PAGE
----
Courtesy The Henry Ford
Stretching from Kansas to Ohio and from Minneapolis to Missouri, the Midwest covers a broad, diverse swath of America. At annual festivals that take place throughout the region, visitors can get an immersive introduction to the art, culture and traditions that make these places unique.
Thousands of festivals take place throughout the Midwest every year, built around hundreds of different themes. Most involve music, food and other staples, and many highlight arts, crafts or local agriculture. Omaha’s Summer Arts Festival has become one of the region’s premier arts events; the North Iowa Band Festival brings talented amateur musicians to the Midwest each year, and the Wamego Tulip Festival presents the best in regional crafts.
Some events underscore the identities of their host cities. St. Paul’s Winter Carnival celebrates Minnesota’s famously frigid weather, Milwaukee’s lineup of summer festivals pays homage to its ethnic heritage, and near Detroit, The Henry Ford’s Old Car Festival Show is a reflection of the city’s auto-making tradition.
Make a stop at one of these dynamic festivals a part of your next group tour through the Midwest.The Henry Ford’s Old Car Show
For 61 years, antique-auto aficionados have made the Labor Day pilgrimage to The Henry Ford museum near Detroit for the weekend-long Old Car Show. And although there are other and bigger car shows in the country, the location in the Greenfield Village historic area makes this one special.
“It’s not just a static show; we encourage these cars to move around,” said Jim Johnson, senior manager of creative programs at The Henry Ford. “We have a driving route, and in the evening, we have a gaslight tour. It becomes a huge antique-car traffic jam, and it’s amazing.”
The event pays homage to the area’s tradition of auto manufacturing, and the 750 cars featured in the show include a handful from the museum’s collection. Visitors will see replicas of several of Henry Ford’s early cars, as well as a number of early Indy racing cars, in honor of this year’s 100th anniversary of the Indianapolis 500.
Most of the cars, though, are taken there by aficionados from around the country. Lots of people show up with original Model A or Model T cars, as well as historic relics such as steam-powered cars, electrical cars, two-cycle cars and other curiosities from the late 19th century.
“We have a lot of one-of-a-kind vehicles,” Johnson said. “One participant brings a Sunset; it’s the only one left because the company was destroyed in the San Francisco earthquake. Throughout the day, we have a pass-and-review, where auto historians come to talk about the cars and attach some social history or pop culture stuff to what was going on in the time period.”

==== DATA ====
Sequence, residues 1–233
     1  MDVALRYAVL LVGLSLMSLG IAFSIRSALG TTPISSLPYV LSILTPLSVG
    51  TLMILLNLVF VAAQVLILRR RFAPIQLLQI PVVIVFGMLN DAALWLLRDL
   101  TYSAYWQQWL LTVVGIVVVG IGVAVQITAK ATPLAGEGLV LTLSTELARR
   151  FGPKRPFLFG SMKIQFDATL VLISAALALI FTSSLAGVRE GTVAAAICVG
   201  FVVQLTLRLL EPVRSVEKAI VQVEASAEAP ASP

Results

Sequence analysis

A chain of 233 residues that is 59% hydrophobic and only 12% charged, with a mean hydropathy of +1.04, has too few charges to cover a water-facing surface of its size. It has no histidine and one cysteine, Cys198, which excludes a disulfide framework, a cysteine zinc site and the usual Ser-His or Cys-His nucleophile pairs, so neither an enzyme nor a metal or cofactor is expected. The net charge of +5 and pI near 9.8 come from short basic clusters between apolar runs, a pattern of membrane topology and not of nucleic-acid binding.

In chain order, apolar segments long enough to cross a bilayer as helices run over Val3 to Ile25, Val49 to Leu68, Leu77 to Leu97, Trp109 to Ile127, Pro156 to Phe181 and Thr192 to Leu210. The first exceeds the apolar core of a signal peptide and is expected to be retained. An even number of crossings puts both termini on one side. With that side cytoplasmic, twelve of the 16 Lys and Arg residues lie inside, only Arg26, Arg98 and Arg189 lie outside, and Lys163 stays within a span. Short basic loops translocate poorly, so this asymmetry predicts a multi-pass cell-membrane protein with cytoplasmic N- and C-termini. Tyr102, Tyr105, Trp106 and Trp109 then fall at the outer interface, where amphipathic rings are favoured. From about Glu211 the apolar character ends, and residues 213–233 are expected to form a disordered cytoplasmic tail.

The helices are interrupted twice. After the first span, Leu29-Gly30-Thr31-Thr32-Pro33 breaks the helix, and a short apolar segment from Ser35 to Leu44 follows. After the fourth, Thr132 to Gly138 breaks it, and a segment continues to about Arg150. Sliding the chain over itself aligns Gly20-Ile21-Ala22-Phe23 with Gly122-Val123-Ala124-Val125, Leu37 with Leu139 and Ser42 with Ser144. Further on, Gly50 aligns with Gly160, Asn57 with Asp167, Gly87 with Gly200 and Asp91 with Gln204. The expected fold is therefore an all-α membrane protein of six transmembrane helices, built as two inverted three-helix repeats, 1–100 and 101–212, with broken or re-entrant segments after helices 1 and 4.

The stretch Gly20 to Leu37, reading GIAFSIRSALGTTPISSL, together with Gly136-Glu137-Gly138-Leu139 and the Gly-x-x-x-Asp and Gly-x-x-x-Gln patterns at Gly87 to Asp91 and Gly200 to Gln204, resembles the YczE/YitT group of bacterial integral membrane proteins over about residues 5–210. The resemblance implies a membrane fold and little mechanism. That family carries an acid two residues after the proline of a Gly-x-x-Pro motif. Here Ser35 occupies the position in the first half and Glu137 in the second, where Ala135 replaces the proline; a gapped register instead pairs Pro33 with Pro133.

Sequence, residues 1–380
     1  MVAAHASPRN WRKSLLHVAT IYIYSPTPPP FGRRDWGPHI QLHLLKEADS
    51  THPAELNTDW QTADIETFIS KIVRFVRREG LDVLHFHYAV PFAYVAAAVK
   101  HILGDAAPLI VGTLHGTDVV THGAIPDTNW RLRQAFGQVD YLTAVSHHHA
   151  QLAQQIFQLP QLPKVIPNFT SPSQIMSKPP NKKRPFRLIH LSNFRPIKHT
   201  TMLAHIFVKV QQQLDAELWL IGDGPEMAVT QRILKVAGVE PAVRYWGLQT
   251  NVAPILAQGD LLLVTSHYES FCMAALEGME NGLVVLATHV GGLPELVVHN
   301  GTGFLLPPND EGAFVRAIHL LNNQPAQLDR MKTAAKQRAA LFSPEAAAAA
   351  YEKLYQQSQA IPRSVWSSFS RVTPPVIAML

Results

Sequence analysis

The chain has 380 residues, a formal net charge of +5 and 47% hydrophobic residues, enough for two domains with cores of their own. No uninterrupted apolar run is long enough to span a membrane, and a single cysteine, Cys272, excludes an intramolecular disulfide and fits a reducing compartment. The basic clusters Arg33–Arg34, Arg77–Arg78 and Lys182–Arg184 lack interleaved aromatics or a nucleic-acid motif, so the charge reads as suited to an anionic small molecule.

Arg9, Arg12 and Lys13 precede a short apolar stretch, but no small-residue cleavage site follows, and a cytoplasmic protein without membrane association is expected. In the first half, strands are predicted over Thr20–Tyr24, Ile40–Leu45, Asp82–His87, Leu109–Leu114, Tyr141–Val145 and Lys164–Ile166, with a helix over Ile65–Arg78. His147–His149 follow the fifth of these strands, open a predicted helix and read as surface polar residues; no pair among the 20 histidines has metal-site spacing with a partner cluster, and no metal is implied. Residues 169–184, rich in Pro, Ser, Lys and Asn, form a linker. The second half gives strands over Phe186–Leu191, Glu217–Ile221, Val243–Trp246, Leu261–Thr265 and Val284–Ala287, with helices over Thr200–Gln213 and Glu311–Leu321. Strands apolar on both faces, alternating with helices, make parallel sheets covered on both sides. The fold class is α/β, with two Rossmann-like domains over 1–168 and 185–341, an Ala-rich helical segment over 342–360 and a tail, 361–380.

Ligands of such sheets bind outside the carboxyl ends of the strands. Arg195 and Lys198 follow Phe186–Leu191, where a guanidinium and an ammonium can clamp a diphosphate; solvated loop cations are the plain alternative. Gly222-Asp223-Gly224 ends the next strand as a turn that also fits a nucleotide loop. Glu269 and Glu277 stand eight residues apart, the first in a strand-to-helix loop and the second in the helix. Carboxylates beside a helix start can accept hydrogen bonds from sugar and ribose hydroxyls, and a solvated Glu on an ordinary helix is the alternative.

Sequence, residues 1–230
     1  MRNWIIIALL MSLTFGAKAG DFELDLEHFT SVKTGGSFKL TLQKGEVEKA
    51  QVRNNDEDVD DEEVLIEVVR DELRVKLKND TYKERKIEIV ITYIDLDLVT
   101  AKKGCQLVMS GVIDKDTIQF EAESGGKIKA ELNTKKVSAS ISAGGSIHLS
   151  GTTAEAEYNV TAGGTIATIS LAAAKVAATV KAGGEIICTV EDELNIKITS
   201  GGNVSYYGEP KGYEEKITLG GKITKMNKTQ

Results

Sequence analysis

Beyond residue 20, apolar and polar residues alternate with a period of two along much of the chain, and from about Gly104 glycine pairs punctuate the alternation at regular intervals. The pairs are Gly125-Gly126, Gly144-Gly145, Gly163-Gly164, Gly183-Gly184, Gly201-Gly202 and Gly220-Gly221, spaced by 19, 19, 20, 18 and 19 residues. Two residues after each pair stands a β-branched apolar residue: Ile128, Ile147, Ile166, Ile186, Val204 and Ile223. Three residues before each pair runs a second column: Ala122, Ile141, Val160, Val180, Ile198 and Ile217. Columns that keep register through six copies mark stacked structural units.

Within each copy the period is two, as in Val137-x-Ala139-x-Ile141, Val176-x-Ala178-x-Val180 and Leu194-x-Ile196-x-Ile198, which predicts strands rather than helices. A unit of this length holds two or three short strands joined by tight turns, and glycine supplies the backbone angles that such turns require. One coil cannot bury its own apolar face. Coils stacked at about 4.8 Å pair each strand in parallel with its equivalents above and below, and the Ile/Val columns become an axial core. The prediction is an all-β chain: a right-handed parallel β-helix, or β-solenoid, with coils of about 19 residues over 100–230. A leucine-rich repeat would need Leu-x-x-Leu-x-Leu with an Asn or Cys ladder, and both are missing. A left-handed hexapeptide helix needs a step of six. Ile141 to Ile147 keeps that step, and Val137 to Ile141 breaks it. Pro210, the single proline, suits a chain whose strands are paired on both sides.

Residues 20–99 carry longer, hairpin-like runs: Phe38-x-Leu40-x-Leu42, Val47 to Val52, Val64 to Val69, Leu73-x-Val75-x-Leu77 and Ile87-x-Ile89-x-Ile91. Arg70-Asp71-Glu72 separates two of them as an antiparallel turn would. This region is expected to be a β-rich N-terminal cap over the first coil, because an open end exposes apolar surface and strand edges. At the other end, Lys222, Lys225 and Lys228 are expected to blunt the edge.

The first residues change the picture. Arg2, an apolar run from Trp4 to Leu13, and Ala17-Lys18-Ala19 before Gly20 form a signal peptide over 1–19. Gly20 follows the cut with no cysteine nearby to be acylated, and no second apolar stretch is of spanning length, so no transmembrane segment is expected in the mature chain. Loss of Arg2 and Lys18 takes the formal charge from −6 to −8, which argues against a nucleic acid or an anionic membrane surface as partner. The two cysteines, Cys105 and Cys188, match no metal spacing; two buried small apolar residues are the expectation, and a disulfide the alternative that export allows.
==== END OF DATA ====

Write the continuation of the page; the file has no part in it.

Omaha Summer Arts Festival
When Vic Gutman moved to Omaha in the mid-1970s, he saw there were no big arts events in the area, so he decided to create his own. Today, the Omaha Summer Arts Festival is in its 37th year and has grown to become one of the largest events of its kind in the region.
“We have 135 artists from all over the country who are juried in,” said festival manager Elizabeth Balazs. “This year we have artists from 29 states. We have all different media: painting, photography, jewelry, glass, wood, ceramics and sculpture. It’s a nice variety of work at all different price points.”
Visiting groups can split up and browse five city blocks of exhibits situated alongside a park in downtown Omaha. Along the way, they’ll find the World Music Pavilion, which features local, regional, national and international performers from many different musical genres. There’s also great food to sample along the way, including Neapolitan pizzas made on site in a portable brick oven and other international specialties in temporary outdoor cafes set up by local restaurateurs.
One of the most interesting elements of the festival is ArtSeen, a public program that invites visitors to participate in creating art.
“One area is called ‘Revinylization,’” Balazs said. “They’re repurposing billboard vinyl and cutting it up to make little bags. They help the public make those little bags for a small donation.”
The festival takes place each year during the second weekend in June.
St. Paul Winter Carnival
It may seem counterintuitive to have an outdoor festival in St. Paul, Minnesota, in the middle of winter, but that’s exactly the point of the St. Paul Winter Carnival.
“It started in 1886, when a reporter from New York wrote that St. Paul was another Siberia, unfit for human habitation in the winter,” said Bob Hughes, chairman of the festival’s board. “The city leaders were offended by this, so they started the carnival as a way to show the world that this was a great place to come in winter.”
The carnival has grown to become a 12-day winter extravaganza, taking place each year at the tail end of January and the beginning of February. This year, to celebrate the carnival’s 125th anniversary, the festival featured 125 events. Winter sports favorites include ice fishing, figure skating and curling contests, but locals also get into off-the-wall exhibitions such as golf tournaments and bicycle races on ice.
Festival events take place in various locations around St. Paul, with activity concentrated in the downtown area. Groups willing to brave the cold will enjoy two parades that attract large crowds.
“At our Torchlight Parade this year, there were between 25,000 and 30,000 spectators,” Hughes said. “People also enjoy going to see the Grand Parade, going to Rice Park to see the elaborate ice sculptures or going to the state fairgrounds to see the incredible snow sculptures.”